On March 16th, UCLA Anderson forecast officially declared that the “U.S. economy has entered a recession, ending the expansion that began in July 2009.” Because of construction being deemed “essential”, most of our construction clients have yet to feel the full impact. We have had very few of our contractors report of jobs being shut down and only a handful have had projects delayed or canceled although that could change as San Francisco recently put additional restrictions on construction.
While the lack of job shutdowns to date is positive news for the construction industry, it’s important to begin planning now for the slowdown that will inevitably come. According to UCLA’s forecast, residential building permits will decline the remainder of 2020 and rebound in the first quarter of 2021. On the other hand, UCLA forecasts that nonresidential construction will decline by 15% hitting a bottom in the second quarter of 2021 and won’t recover to the current levels until the second quarter of 2022.
Conditions are continually changing, and there is no way to truly determine how long or deep the impact of Covid-19 will be on our economy, because much of that depends on the time it takes to contain the spread of the virus. Some are predicting a quick bounce back in the economy in the summer, but that is far from certain. In a separate study by UCLA also published on March 16th, Dr. Andrew Atkeson concluded that, “The main message for economists derived from simulations…is that it will likely require severe social distancing measures maintained for an entire year or even 18 months (until a vaccine can be developed) to avoid severe public health consequences.”
Back to the drawing board
With so much uncertainty, contractors will need to revisit their revenue forecasts for 2020 and beyond. Several of our contractors have redone their forecasts for 2020 based on a few different scenarios ranging from best to worst case including less work bidding, job shutdowns due to a crew getting infected with Covid-19, and a state mandated shutdown of all jobs for a period of time. To create their projections, our customers estimated a decline in revenue ranging from 10% to 70% based on the scenario or combination of scenarios they came up with. Picking the scenario they believe to be most likely for 2020, they are starting to reduce overhead most of which involves non-staff cuts such as eliminating investments in technology and equipment, reducing marketing, freezing pay, and lowering bonuses or retirement plan contributions. As one of my customers put it, “We are eliminating anything now that isn’t critical to us performing our work this year.”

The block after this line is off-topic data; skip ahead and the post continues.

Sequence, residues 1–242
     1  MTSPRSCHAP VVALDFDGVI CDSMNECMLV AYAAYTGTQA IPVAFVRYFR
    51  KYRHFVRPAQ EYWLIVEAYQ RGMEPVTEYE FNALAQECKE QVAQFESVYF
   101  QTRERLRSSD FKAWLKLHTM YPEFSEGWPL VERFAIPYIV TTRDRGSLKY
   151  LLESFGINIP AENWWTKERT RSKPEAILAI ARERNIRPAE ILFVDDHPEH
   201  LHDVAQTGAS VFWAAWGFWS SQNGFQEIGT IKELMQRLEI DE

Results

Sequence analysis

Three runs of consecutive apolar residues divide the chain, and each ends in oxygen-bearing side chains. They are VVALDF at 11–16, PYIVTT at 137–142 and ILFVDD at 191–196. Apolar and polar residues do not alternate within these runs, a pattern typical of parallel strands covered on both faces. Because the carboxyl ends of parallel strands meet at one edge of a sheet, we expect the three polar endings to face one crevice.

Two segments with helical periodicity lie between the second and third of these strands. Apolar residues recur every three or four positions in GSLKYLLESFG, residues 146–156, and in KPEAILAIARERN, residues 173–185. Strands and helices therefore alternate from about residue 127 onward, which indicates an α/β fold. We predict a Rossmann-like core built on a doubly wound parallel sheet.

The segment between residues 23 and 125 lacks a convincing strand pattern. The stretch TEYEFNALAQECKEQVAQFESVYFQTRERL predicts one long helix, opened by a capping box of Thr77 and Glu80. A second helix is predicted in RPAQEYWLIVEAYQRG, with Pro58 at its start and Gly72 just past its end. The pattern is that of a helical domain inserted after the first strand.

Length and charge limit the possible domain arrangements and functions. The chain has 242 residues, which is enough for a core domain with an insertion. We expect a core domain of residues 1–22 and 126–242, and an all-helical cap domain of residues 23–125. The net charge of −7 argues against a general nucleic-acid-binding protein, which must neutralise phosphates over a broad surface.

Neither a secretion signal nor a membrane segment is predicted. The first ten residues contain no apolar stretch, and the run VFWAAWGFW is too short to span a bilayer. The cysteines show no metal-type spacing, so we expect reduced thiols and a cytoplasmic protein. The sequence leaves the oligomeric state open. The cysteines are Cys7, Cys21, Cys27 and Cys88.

As things continue to develop, contractors will need to update their projections throughout the remainder of the year and have various plans for potentially cutting overhead further if needed. While preserving our workforce is a top priority (because we all know that human capital is our most important asset) contractors that are proactive in their planning will be able to scale down quickly if necessary. Those that wait will likely incur losses eroding their hard earned and hard to replace capital. Avoiding losses and retaining capital is key during this time for contractors, because surety companies have already started to show signs of tightening, which will only compound an already challenging environment.
The balance of planning ahead while remaining flexible to adjustments as new information emerges will test us all. Planning for the worst and hoping for the best is an approach that every contactor can benefit from. While this might sound negative and pessimistic, there is opportunity in all of this. It provides a chance for contractors to refine their operations, to cut waste and eliminate ineffective initiatives. Further, those contractors that remain well-capitalized will likely find some of their competitors are limited by their capital and surety capacity. Now is the time to prepare for those opportunities.